Besides “what bike should I buy?” and “can I have some free stuff,” our inboxes and Facebook gets this question more than anything: “how do I get sponsored?” Or in some cases, “how can I get my kid sponsored?” Truth is, there’s really no magic answer, but here’s a few ideas to think about…

Serenity Ride Shop local Antonio Chavez got hooked up by Primo after their recent anniversary jam–good riding meeting a good attitude and a good relationship between the shop and Tip Plus all played a factor in this.

The BMX industry is ever evolving these days–especially sponsorship. And although it’s been a long tradition in BMX racing, the “freestyle” portion of BMX is finally really experiencing the hook up from companies through bike shops (at least on a higher level publicly, thanks to the Internet). Whether it’s international riders riding for American companies through their local shop through a distributor or a kid in the States being even closer through his local shop, the ramp, street, and dirt hook ups appear to be stronger than ever, and for many, the first step to making it up the ladder of BMX sponsorship.

These days, there are plenty of kids pushing themselves through two very difficult channels of BMX sponsorship–web videos and contest riding. And while web videos are essential to practically every rider involved in the sponsorship game these days, really making a splash through web videos alone is becoming an increasingly difficult task these days. The overflow of web videos on the internet is staggering these days and unless you have the perfect combination of talent, originality, and a quality local filmer, hovering above the rest of the crowd is a difficult task and sure to become much more difficult in the future. In the same vein, contest riding is, every single day, becoming more and more aggressively competitive and difficult to work to the top of. Natural talent, the drive to harness it, dedication, and time are crucial to the contest scene these days–factors that are very rare in coming together to turn some heads and make yourself known above the rest..

However, getting a start through a bike shop seems to be often overlooked, and naturally, rarely sought after. The kids getting their first hookups through their local shop seem to rarely seek that–it’s more so something that falls in their lap. The BMX industry at times seems larger than ever, but in reality, is still small enough where word gets about, and gets about quickly. Good, friendly relationships exist between shops and their distributors and when a brand is looking to put someone on their parts in an effort to get some hype and exposure in a certain area, who is going to be the most trusted source? The local bike shop. Critics might say this is taking advantage of locals, or try and put some faceless, demonic spin on this type of hook up–but more often times than not, it’s a great channel and opportunity for a kid to get his name and riding out there to the BMX world in a way they never would have had before.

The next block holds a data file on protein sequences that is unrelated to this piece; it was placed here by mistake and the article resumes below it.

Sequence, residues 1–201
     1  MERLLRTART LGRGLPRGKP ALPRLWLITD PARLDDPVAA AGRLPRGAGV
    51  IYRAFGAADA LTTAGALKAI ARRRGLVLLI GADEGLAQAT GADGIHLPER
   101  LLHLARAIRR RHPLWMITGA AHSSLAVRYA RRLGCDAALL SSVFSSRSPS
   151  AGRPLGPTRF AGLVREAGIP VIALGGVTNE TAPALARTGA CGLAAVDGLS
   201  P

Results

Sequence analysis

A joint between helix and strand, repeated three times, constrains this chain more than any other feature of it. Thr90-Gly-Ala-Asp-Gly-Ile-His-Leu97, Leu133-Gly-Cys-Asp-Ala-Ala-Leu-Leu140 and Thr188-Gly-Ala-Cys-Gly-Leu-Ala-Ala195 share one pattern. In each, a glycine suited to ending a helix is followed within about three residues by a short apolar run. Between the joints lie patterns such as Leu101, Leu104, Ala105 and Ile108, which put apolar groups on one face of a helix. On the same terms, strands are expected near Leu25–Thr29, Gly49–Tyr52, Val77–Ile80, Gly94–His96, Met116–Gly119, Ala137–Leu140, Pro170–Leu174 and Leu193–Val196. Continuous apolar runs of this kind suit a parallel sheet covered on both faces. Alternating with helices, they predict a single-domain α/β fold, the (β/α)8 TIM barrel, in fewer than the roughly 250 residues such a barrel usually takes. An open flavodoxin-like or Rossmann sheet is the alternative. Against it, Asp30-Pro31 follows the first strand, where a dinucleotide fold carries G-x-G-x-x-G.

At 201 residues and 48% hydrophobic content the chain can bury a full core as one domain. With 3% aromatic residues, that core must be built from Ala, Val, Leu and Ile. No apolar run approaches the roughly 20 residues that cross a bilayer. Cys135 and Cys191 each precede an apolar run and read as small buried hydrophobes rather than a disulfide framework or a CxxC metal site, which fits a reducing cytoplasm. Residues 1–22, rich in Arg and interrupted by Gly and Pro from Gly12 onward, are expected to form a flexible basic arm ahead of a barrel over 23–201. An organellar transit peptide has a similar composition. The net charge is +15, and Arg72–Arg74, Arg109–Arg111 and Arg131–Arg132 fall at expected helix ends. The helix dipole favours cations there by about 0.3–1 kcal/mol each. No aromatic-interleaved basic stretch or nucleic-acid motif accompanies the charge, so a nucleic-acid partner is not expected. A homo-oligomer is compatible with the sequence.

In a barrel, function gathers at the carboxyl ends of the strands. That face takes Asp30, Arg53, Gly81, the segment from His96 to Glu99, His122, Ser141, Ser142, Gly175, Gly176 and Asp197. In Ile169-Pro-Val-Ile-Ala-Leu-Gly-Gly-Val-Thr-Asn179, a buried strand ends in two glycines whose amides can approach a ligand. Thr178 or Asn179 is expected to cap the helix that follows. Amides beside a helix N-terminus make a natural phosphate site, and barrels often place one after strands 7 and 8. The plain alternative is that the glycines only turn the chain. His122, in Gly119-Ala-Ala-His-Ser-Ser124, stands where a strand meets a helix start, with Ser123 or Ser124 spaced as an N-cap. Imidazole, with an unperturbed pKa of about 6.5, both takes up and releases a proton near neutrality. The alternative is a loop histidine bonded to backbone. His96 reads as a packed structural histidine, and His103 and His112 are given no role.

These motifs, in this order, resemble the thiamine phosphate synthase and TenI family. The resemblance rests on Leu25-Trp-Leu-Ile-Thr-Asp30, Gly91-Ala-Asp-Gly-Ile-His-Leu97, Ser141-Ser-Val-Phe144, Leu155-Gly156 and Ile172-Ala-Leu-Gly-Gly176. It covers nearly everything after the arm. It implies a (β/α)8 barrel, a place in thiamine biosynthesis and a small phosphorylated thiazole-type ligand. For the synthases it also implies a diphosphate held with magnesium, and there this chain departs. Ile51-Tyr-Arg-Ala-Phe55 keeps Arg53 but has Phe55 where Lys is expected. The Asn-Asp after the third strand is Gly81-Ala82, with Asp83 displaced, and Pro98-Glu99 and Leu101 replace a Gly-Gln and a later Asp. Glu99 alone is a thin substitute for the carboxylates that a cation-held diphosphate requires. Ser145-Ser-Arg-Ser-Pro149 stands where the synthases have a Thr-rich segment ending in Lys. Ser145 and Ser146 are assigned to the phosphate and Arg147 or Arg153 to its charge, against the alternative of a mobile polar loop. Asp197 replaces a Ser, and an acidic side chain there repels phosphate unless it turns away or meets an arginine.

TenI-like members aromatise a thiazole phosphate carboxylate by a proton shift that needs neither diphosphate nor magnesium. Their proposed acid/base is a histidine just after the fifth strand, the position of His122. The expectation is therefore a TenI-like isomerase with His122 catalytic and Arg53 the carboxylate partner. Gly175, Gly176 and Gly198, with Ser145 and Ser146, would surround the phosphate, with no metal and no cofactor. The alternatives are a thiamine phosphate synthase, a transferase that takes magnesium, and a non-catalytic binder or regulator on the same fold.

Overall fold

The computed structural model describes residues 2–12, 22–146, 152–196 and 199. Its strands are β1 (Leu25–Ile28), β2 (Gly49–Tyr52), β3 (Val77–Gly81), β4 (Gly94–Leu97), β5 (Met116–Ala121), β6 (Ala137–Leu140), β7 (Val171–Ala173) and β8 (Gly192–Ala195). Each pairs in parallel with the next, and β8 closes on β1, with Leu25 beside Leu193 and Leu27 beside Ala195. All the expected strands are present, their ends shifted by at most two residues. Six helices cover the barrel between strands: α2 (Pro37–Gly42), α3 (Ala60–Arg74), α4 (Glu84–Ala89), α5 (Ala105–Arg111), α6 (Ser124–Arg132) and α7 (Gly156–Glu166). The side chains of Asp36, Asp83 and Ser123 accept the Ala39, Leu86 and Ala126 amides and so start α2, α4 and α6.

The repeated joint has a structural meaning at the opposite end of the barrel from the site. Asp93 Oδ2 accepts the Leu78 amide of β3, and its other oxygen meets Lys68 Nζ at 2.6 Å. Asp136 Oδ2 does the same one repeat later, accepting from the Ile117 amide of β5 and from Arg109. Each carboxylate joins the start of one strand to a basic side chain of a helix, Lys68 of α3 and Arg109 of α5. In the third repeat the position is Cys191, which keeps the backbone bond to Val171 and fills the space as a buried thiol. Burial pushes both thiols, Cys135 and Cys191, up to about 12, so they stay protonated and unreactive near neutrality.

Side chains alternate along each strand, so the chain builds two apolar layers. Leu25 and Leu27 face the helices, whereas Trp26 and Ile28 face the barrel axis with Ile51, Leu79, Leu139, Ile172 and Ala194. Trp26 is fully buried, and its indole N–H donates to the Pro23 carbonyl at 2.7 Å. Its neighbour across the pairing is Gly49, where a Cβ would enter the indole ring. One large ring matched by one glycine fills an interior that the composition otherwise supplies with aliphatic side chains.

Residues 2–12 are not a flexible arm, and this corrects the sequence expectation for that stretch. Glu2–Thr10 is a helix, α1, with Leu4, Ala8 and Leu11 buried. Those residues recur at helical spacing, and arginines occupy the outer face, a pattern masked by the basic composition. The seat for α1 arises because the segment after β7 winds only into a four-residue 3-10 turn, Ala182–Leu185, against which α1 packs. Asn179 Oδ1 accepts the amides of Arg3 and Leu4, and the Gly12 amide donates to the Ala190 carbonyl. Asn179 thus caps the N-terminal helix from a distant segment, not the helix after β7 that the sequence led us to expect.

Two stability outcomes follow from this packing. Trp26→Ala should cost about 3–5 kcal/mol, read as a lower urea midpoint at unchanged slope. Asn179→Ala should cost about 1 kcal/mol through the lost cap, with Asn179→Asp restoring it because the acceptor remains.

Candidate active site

So, how does one go about this? Like any sort of sponsorship, a combination of luck and skill still seem to be the best way to go about this. But, there are some things that you can do that won’t hurt. First (and most obvious), spend some time at your local shop. Don’t order from mail orders–get in there, talk to the employees, ask some questions, and get yourself known.  If you hear of local events, offer to lend a hand or do what you can to support. Showing up is one thing (and some riders can’t even do that), but dedicating time to make local events happen is another. Travel around–it’s not about sticking to your local area 100% of the time. One of the greatest things about BMX is pushing past your normal surroundings and seeing what else the world has to offer–get out there and see who else and what else is out there past your normal boundaries. Be cool to the younger kids in the scene and show them the best way though BMX as possible. The older ones are who the younger ones learn from and good role models are always noticed by a strong local shop. And finally, although it’s not the only thing, being a good rider always has a lot to do with it. Be original, be creative, and be yourself–it almost seems like if it’s meant to be, it’s meant to be, but there’s no reason to not push yourself as hard as you can riding wise if you’re feeling it.

There’s no perfect formula to getting sponsored, and this is just one way of going about it. These are just some observations and tips on what I’ve seen throughout the years. Sponsorship isn’t the end all, be all that some make it out to be, but for those that feel the drive to just ride their bike as much as they want to, can be a fulfilling channel in their lives. It’s an industry where everybody talks, and a lot of the times, your local shop is involved at a much deeper level than you’d think. Don’t necessarily chase it, but know that putting in positive effort into your local shop and local scene can one can lead you to some hook ups if everything lines up right and you’re in it for the right reasons.